Economics of Bitcoin

If price volatility isn’t necessarily a reason to switch to a different source of liquidity, is there something that a Bitcoin Maximalist can do to deal with price uncertainty? To me, when I was studying Bitcoin and still now, the argument that people choose money based on price stability sounds like something that was made up after Bitcoin appeared, because it didn’t fit well into pre-existing frameworks. In “The Case for a Genuine Gold Dollar”, Rothbard criticised Hayek, I’m paraphrasing here, that people choose money based on liquidity, not price stability. I dabbled in some other areas, and my university degree is in Business Administration, however I still mainly write and review code and build computer infrastructure (or manage people who do). The overarching principle of my reaction is that people writing about Bitcoin bring in their own expertise into the writing. I wouldn’t call it a review, it’s more of an extended reaction. I’m even starting to think that this is less of an economic issue, and more of a cultural issue, or, at the risk of sounding rude, a “boomer” argument. The users of any money have good reasons to avoid it: it both dilutes their wealth as well as increases the risk of losing control over them.

If Mises was still alive, he may just as well have said “not your keys, not your coins” and “don’t trust, verify”. However, it still doesn’t explain why a person would want to prefer to hold money that redistributes their wealth away from themselves. It would either be a person who can build, or a person who deals with trust or application of violence. If it was true, then, as I explained in “The Origin, Classification and Utility of Bitcoin”, once money (a generally accepted medium of exchange) appears, there can never be another medium of exchange. So, depending on what exactly you are analysing, it may or may not be relevant, but you need to use a different terminology, not “medium of exchange”. With Bitcoin, the transaction costs of using the base money is low, and even lower if transactions are conducted on additional layers on top of Bitcoin. The point is, the transfer can happen publicly, but the issuer won’t be able to identify the transferer based on the observed transaction data. Transfers of “Chaumian banknotes” were “blinded” from the issuer. These are mainly technical in nature and not of primary import for the readers of the book.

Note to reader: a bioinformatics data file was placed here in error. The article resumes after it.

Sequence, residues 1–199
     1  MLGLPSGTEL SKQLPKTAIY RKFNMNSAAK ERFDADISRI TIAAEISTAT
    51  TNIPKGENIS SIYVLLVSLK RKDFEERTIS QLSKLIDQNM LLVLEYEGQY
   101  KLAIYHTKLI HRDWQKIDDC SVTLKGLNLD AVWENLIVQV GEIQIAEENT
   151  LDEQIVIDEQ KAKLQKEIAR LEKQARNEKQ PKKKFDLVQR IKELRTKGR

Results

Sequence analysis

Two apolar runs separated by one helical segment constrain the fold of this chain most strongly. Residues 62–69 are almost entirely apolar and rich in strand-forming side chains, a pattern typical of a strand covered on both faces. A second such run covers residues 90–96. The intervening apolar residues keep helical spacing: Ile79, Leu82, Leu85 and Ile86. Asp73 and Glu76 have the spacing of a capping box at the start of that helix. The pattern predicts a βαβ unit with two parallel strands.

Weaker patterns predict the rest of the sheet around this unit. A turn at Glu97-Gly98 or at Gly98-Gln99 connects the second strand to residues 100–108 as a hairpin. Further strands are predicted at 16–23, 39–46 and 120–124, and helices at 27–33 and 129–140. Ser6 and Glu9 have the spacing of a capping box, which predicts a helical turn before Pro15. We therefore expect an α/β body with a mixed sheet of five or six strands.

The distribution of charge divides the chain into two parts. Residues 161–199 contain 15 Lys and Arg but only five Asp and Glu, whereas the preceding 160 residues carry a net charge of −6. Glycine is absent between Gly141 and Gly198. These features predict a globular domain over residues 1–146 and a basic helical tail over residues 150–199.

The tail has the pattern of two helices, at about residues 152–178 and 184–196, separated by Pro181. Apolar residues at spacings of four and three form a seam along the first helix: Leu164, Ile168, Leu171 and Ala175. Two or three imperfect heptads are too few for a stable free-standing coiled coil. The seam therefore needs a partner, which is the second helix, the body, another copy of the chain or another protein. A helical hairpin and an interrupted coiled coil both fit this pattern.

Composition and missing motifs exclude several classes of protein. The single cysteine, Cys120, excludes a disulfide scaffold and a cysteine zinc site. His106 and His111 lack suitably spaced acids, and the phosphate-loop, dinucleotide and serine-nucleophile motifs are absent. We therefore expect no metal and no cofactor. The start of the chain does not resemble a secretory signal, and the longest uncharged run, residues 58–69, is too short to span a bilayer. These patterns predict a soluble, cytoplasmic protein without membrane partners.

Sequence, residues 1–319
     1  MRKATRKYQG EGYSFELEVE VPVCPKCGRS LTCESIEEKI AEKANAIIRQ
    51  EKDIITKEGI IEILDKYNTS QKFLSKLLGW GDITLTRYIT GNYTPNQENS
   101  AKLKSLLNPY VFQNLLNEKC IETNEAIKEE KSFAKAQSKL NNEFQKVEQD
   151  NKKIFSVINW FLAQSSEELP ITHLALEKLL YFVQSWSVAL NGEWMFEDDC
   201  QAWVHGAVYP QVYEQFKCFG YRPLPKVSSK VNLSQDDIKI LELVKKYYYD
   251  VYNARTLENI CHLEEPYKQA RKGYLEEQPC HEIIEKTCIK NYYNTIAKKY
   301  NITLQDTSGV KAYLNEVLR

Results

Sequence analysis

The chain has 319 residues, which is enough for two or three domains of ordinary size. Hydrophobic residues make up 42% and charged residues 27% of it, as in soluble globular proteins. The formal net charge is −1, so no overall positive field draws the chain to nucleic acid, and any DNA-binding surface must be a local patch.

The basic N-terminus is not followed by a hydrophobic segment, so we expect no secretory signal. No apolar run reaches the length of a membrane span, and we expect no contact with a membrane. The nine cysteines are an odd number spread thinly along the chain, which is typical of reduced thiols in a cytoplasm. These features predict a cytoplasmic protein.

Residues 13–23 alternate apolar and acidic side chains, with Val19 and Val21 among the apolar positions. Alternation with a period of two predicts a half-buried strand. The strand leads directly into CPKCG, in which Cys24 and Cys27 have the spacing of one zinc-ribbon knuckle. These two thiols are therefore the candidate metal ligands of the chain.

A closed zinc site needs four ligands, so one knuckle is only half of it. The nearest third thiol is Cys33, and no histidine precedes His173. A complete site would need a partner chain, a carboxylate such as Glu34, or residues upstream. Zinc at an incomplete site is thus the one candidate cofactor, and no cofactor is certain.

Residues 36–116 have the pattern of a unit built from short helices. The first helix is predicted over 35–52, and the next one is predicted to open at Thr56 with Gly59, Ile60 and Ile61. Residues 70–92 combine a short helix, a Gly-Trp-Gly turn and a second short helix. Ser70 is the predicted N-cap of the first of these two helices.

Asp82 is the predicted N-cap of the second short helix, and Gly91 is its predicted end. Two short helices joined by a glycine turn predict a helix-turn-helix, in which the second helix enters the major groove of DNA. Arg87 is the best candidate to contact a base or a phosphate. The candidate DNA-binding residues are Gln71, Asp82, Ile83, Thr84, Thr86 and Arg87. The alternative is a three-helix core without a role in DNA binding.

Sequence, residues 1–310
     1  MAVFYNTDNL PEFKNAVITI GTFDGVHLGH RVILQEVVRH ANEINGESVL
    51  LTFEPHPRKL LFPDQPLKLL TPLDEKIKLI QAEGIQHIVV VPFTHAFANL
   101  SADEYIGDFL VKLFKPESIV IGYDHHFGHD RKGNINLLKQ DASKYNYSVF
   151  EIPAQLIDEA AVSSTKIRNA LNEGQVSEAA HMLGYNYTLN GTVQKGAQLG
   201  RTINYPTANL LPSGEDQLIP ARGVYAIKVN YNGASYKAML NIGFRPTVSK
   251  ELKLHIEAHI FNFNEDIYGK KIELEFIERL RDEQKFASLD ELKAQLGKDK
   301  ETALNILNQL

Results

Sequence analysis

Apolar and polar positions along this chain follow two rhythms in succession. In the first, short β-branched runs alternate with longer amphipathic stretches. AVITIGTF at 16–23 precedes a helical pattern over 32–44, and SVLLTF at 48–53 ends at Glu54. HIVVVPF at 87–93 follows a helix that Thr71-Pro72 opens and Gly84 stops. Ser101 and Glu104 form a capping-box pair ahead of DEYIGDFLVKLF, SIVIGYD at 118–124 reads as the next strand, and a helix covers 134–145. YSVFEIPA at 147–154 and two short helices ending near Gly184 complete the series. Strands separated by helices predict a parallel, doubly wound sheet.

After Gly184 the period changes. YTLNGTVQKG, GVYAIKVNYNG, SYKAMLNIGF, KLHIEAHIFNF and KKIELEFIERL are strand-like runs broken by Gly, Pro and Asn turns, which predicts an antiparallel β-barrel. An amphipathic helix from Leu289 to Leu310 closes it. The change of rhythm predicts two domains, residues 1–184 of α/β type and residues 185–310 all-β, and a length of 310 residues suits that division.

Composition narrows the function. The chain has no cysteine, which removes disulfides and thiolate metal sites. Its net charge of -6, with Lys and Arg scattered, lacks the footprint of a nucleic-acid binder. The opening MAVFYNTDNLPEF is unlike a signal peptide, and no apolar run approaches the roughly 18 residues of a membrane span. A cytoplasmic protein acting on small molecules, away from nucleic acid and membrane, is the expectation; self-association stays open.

Blinding is a technical name for one of the steps during issuance. So what are my responses to the critiques above? This is why Bitcoin Maximalists promote operating your own bitcoin nodes (“don’t trust, verify”), why it’s desirable to keep the cost of operating such a node low, and why hard forks (backwards incompatible changes) in Bitcoin are shunned. All nodes validate the consensus, not merely the mining nodes. It will fail again, like gold did. I think like an engineer. I think that while it can’t be decisively concluded, we see the second aspect in the publications of Bitcoin Maximalists. Merely because they expect Bitcoin to appreciate against fiat isn’t an adequate criterion, because they may also simultaneously expect hyperbitcoinisation (meaning the disappearance of fiat). If Bitcoin had a US-dollar denominated revenue stream or was providing some traditional service, it would be diluted and censored and replaced by fiat. It would cause Bitcoin to be diluted and censored and ultimately replaced by fiat.

If Bitcoin had a more elastic supply, it would be diluted and censored and replaced by fiat. If Bitcoin was less suitable for gambling, it would be diluted and censored and replaced by fiat. My response: run a Bitcoin node. For Bitcoin Maximalists, avoiding using Bitcoin-substitutes is an important principle to follow. Taleb’s expertise is useless for Bitcoin. To be fair, White recognises this (unfortunately I don’t have the quote in my notes), and doesn’t seem to draw any conclusions regarding Bitcoin FRB, which I applaud. Often, they do not even enhance our understanding of the world, or contain actionable information (White however does present some other interesting information). And, merely based on observing their behaviour, we don’t have sufficient information to conclude whether either have a speculative or transactional demand for Bitcoin. However, it brings up another issue with the analysis of demand for Bitcoin. However, we already have technology to solve this problem. In order to understand the problem of dilution, it is critical to understand the Cantillon effect. It doesn’t necessarily mean that everyone will always choose an option to remain liquid / increase liquidity.

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